I know some of you have cats that bask in the warm sun on the dashboard.  Or dogs that quietly sneak up on the couch while you drive down the road.  You yell at the dog one minute, then love them up the next.  That's how it works.  The problem is that the dog knows that!  And I apologize for this lengthy explanation of my quandary.  I just had to unload somewhere.  I just wondered how some of you would handle the decision if you were in my shoes? 




   
 

catblaster

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Jan 11, 2010
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Kissimmee, Floriduh
My wife and I were there when our Aussie took her last breath, we hated it and still get misty after three years. I think we owed it to her ..seeing her away on her last nap. Not easy to see her gasping her last breath and wished we could take it back and she would jump up again.
Deep down you know it is for their own comfort. If we could do this for people I would have opted for it 6 months ago for myself. But I would have missed out on the xplant.
My sympathies go out to you, but it gets easier and thank god it wasn't a child.
 

Dance Chick

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Jun 17, 2012
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380
Location
Lakeland FL
Please accept my sympathy for what you are going through and for that which is yet to come.  It is absolutely horrible.  I've been through it myself.  It was an incredibly sad and hard thing to do,
but do it we must.  I hated the "death drive" as I call it....riding in the car to go to the vet's office knowing what is going to happen.  Of course, they don't know it, which is good for them, but
horrible for us.  You must do what is best for your pet and know that time will make it better, but it never totally goes away.  You must take comfort in knowing you gave your pet the best life it could've had.  I suspect it could not have had a better life anywhere else.  Take care.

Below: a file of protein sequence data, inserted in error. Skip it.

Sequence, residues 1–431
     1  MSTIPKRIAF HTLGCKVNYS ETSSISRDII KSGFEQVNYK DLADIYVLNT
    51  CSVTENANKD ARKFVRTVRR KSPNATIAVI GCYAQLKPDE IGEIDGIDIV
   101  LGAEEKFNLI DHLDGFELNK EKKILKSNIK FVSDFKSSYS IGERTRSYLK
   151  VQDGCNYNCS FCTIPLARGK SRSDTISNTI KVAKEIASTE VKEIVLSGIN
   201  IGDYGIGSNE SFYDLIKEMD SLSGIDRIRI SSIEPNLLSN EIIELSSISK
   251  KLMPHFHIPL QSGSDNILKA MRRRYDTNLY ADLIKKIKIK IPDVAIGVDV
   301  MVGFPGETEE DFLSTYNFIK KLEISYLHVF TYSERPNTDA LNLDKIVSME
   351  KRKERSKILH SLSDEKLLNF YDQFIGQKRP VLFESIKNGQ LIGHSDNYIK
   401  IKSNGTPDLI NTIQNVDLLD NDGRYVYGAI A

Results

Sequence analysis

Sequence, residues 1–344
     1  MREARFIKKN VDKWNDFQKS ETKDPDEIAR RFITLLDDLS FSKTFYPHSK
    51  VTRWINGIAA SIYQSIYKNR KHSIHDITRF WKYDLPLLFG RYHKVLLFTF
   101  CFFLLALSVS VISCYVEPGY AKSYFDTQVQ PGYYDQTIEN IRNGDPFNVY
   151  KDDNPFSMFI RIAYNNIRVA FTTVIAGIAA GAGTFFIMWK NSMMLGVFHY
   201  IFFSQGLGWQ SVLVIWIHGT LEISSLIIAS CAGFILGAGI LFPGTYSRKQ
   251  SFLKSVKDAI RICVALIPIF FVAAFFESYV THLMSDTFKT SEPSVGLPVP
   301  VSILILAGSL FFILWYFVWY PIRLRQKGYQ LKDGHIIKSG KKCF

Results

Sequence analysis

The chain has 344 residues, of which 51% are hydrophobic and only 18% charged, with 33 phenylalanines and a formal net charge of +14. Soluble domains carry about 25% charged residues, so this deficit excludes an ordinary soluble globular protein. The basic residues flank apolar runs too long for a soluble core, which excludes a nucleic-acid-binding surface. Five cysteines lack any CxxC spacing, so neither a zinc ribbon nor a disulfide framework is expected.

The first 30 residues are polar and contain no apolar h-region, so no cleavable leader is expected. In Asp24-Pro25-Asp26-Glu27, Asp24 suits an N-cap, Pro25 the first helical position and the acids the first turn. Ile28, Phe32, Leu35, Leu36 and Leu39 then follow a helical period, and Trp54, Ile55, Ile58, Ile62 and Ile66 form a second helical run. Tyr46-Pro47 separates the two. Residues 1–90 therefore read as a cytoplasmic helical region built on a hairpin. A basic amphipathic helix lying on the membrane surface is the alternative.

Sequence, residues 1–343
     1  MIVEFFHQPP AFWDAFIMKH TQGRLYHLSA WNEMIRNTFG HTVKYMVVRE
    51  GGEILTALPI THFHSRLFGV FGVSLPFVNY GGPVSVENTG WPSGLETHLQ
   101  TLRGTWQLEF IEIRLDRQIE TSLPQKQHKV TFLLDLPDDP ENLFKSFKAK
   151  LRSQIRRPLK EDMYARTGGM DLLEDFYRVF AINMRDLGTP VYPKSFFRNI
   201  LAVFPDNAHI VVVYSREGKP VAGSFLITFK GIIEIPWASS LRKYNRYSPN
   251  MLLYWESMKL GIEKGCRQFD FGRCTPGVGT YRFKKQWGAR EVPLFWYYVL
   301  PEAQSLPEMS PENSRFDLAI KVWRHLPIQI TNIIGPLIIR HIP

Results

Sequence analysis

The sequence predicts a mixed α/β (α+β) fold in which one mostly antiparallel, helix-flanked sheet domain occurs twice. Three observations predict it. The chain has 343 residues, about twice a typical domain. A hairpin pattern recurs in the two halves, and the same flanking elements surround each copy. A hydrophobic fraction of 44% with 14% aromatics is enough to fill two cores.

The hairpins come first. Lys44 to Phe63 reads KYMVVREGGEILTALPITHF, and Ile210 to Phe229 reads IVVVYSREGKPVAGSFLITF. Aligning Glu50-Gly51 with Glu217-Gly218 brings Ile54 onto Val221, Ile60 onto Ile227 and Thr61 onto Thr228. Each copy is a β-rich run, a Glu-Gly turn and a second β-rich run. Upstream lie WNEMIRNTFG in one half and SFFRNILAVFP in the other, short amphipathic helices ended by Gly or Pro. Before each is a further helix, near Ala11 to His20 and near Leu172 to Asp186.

denmarc

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Grand Rapids, Michigan
Even though we have been down this road a few times before,  it's just so hard to determine when the right time is.
The wife is already weeping about what may have to take place in a month or two down that road.  Shasta is her baby.
I don't have anything comforting to tell her except that this is the way the cards hit the table and we did our best.  Just as we did with the previous two dogs.  One was put down due to bone cancer, and the other due to bad training by the previous owner. 
The hard part is during the "death drive", the wife starts crying and then I start crying.  I'm a good size guy that doesn't put up with too much crap.  But the loss of one of my "family" tears me down to a tearfull child. 

What I don't understand is why was my family chosen to take care of ferrets, cats, and dogs all destine to be stricken with Cancer?  Why am I so lucky?
 

catblaster

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Mark....it seems that no matter how big or old we are even the toughest can be brought down by pet loss, if they don't pain then I don't trust them.